“We handle most things for him,” Behren said, adding, “but when it comes to pickups, it’s not easy to get financing.”

Behren said people with disabilities can get help with the conversion, but still have to buy the vehicle on their own.

“There really aren’t four-wheel-drive options that aren’t huge and cost $100,000,” Behren said.

The family raised thousands of dollars more than their original fundraising goal. With the excess money, the Behrens will invest in snow tires and chains for the vehicle. Norah Behren said she could always choose to lift Bryan into the SUV in an emergency.


Nora Behren registered the van last week after buying the used 2016 Ford Transit wheelchair-accessible van for $36,000 from a Sacramento-based family on Craigslist. The Behrens reported that during their active fundraising period, they received support from 130 different donors with donations ranging from $15 to $4,000. The total raised through GoFundMe was $30,800, Behren said, but the family started with a $10,000 gift and the extra will go towards car insurance, Behren said.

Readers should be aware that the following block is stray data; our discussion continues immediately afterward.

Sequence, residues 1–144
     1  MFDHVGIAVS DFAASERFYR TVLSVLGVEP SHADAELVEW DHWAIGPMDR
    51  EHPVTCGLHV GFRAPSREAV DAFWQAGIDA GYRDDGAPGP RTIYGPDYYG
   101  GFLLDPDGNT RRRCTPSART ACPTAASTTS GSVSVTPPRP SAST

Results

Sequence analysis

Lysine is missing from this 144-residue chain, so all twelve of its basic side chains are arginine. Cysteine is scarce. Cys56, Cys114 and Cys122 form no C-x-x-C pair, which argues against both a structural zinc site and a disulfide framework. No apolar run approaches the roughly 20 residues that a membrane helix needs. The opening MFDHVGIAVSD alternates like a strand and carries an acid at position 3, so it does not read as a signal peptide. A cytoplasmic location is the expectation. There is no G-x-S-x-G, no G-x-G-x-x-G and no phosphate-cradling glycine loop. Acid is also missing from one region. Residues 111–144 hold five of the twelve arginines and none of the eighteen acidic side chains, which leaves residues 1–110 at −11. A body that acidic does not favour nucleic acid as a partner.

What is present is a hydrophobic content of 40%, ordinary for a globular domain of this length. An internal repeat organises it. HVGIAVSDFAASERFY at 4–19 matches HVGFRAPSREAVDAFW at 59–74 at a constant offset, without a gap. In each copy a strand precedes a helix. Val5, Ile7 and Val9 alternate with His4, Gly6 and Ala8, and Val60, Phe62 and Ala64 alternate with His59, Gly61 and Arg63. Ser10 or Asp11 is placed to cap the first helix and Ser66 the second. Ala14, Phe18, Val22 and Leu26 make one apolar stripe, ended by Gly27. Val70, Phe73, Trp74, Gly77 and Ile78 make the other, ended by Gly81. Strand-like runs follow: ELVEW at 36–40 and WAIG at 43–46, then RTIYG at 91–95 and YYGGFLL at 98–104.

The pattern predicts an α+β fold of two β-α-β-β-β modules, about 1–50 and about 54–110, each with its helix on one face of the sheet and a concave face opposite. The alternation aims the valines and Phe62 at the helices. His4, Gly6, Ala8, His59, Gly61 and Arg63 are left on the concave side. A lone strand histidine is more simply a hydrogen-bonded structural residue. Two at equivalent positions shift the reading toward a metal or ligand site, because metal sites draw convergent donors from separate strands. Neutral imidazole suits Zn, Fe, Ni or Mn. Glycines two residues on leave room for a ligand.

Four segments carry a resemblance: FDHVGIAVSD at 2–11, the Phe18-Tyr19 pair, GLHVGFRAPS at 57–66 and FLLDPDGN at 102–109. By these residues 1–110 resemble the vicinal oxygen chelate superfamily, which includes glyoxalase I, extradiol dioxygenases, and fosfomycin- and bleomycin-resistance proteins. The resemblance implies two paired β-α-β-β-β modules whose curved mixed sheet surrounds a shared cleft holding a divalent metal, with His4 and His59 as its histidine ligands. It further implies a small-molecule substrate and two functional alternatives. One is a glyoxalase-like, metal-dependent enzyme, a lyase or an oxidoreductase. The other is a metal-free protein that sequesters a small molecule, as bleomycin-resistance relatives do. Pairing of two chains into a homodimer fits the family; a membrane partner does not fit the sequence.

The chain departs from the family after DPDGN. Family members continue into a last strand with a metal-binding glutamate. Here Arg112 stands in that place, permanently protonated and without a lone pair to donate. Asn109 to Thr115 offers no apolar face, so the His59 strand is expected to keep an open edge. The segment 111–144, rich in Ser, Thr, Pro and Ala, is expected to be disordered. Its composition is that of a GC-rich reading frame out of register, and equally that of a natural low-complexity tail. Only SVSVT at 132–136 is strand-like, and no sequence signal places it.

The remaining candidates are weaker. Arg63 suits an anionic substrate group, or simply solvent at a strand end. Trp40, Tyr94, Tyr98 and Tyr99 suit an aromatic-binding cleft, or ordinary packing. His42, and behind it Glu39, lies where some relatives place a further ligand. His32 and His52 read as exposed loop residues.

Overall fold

The 6-year-old vehicle with 46,000 miles has a ramp, said Nora Behren.

“When it has a ramp and tie-downs in the back, there’s no lifting,” Behren said. “He just gets on the chair in the house and stays in the chair. It’s something my mom can (handle).

Behren said Bryan could use the transit wheelchair like he was on a school bus.

Bryan weighs around 60 pounds, Behren said. Nora and Scott can load and unload their son from their 2007 Ford Explorer into a seat that Bryan uses as both a pedestrian and a passenger. The adaptive car seat was specially designed by mechanical engineering students at the University of Nevada Reno, Behren said.

The chair was a life-changer for the family, Behren said, allowing them access to the Lake Tahoe waterfront. Bryan accessed breathtaking views of the area in the specially designed chair, but the biggest challenge between point A and point B proved to be getting home from the car.

“We are an active family,” said Nora Behren. “We like to go to the beach, (…) we took the hiking chair. He can go many places – he can’t go everywhere.